Last Chance to Read
Your Account
Sign In  or  Sign Up
Basket
Your Basket
Your basket is empty
Payment methods accepted on LCTR website
 
 
You are here:   
 

The Aberdeen Chronicle

14/04/1821

Printer / Publisher: J. Booth, jun. 
Volume Number:     Issue Number: 758
No Pages: 4
The Aberdeen Chronicle page 1
 
Price for this document  
The Aberdeen Chronicle
Per page: £2.00
Whole document: £3.00
Purchase Options
Select an option and add to basket to buy a copy of this document:The Aberdeen Chronicle
Choose option:

The Aberdeen Chronicle

Date of Article: 14/04/1821
Printer / Publisher: J. Booth, jun. 
Address: Chronicle Street, Aberdeen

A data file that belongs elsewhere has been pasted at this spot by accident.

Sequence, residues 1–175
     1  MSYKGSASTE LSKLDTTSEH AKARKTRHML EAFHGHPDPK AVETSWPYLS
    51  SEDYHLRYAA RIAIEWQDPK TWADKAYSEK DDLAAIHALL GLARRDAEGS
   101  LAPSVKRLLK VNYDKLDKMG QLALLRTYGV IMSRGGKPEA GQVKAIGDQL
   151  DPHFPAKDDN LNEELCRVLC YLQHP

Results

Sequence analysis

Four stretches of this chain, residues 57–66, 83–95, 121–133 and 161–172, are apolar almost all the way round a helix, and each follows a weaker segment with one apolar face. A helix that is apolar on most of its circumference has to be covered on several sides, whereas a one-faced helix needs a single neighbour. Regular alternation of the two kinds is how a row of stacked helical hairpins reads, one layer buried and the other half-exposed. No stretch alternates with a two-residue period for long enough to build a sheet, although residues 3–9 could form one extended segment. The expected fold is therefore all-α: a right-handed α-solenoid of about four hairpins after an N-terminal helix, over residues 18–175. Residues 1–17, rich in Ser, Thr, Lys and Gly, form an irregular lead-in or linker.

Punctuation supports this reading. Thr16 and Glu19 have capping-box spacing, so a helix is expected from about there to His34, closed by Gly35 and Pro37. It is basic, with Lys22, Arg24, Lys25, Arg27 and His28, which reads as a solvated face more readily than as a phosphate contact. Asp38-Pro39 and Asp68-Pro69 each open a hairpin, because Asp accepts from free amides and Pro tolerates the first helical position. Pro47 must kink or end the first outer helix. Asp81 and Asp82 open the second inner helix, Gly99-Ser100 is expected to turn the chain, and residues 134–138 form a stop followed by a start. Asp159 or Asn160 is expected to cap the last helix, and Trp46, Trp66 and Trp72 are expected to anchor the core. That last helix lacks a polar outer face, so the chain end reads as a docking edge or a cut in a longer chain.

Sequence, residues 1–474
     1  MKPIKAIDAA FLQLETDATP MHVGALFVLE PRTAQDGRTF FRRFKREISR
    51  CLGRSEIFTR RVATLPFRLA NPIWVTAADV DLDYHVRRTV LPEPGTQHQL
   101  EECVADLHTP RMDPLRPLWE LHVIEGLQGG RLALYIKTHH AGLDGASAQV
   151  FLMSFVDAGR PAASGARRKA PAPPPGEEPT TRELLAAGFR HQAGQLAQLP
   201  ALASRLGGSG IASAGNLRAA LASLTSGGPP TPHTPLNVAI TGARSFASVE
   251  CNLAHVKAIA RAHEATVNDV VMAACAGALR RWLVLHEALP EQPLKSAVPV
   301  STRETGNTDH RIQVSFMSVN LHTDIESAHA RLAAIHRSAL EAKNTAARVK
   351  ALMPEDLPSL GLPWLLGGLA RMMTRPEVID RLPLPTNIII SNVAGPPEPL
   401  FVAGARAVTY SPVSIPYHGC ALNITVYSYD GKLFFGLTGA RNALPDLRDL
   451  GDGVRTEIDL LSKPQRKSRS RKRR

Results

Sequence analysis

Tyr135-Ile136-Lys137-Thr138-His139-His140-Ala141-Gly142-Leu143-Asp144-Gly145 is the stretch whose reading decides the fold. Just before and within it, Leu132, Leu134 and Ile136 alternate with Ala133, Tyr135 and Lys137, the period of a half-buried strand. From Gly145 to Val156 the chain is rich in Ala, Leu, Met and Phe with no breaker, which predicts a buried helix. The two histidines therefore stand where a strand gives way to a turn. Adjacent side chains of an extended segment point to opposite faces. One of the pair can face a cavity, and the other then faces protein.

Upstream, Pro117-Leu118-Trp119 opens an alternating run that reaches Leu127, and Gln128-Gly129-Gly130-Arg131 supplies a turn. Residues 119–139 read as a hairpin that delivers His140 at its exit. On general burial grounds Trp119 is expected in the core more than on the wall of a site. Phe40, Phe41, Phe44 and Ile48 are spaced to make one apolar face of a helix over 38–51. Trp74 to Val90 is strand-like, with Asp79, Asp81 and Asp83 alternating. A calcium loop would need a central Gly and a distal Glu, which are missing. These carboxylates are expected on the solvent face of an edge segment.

Volume Number:     Issue Number: 758
No Pages: 4
Sourced from Dealer? No
Additional information:

Full (unformatted) newspaper text

The following text is a digital copy of this issue in its entirety, but it may not be readable and does not contain any formatting. To view the original copy of this newspaper you can carry out some searches for text within it (to view snapshot images of the original edition) and you can then purchase a page or the whole document using the 'Purchase Options' box above.